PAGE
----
In The Mind of War, Grant T. Hammond offers the first complete portrait of John Boyd, his groundbreaking ideas, and his enduring legacy. Based on extensive interviews with Boyd and those who knew him as well as on a close analysis of Boyd’s briefings, this intellectual biography brings the work of an extraordinary thinker to a broader public.


A Vision So Noble
by Daniel Ford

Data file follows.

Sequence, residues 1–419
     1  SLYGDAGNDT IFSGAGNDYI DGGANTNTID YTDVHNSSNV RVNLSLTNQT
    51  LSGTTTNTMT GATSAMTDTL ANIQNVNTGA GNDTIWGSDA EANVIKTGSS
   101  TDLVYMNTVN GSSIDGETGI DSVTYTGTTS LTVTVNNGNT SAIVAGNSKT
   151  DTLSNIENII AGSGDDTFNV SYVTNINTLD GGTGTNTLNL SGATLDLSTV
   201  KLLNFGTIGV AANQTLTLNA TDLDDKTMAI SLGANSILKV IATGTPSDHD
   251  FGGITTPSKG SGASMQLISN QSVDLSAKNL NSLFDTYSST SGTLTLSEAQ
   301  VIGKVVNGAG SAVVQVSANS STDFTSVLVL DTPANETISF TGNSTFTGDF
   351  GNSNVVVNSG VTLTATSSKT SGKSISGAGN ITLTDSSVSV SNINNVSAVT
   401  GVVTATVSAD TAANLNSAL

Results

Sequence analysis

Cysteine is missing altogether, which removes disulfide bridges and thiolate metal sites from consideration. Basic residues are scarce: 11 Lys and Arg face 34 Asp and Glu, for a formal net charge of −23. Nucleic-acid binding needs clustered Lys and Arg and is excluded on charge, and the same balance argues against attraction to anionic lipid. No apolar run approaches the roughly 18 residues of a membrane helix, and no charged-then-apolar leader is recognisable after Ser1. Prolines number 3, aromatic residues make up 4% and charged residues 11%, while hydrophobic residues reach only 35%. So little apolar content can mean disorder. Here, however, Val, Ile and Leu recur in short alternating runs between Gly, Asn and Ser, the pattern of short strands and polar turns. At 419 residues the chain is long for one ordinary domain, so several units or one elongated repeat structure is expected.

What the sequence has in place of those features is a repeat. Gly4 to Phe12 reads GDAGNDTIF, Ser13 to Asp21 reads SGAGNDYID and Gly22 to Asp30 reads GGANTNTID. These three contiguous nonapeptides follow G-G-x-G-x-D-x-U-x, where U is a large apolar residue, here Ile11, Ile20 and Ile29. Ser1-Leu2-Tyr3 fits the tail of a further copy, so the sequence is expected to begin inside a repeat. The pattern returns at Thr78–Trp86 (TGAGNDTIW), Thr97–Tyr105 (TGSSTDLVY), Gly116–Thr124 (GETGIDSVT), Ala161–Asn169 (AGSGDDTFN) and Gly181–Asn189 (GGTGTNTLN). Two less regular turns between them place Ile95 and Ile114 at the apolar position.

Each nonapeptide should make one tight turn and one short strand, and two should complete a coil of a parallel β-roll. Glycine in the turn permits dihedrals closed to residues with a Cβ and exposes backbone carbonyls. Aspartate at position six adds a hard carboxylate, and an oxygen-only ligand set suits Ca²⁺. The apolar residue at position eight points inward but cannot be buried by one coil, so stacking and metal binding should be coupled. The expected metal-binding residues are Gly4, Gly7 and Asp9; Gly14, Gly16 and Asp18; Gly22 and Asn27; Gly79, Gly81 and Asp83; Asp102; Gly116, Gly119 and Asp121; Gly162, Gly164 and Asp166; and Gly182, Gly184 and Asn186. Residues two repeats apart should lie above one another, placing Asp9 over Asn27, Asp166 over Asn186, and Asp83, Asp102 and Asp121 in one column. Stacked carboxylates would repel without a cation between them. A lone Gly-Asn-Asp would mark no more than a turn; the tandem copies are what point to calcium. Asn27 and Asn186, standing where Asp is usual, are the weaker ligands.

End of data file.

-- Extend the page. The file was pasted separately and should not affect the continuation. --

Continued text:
John Boyd was arguably the greatest American military theorist since the sea power strategist Alfred Thayer Mahan at the turn of the 20th Century. Best known for his formulation of the OODA Loop as a model for competitive decision making, Colonel Boyd was also an original thinker in developing tactics for air-to-air combat, designing warplanes, and the fluid, mobile warfare known to the Germans as blitzkrieg and to modern armies as “maneuver warfare.” As much as anyone, John Boyd was the architect of the two great campaigns against Saddam Hussein’s Iraq, both the 1991 liberation of Kuwait and the 2003 “March Up” to Baghdad by the U.S. Army and Marines.But what of the costly, drawn-out insurgency that baffled the invaders once Baghdad had fallen? In this short book, Daniel Ford applies Boyd’s thinking to the problem of counter-insurgency. Unlike the U.S. military in 2003, it turns out that Boyd had indeed put considerable thought into what might transpire after an effective “blitz” campaign. Indeed, he found many similarities between “blitzers” and what he preferred to call guerrillas, and he thought that they might be defeated by turning their own tactics against them. This is an expanded version of a dissertation submitted in the War Studies program at King’s College London.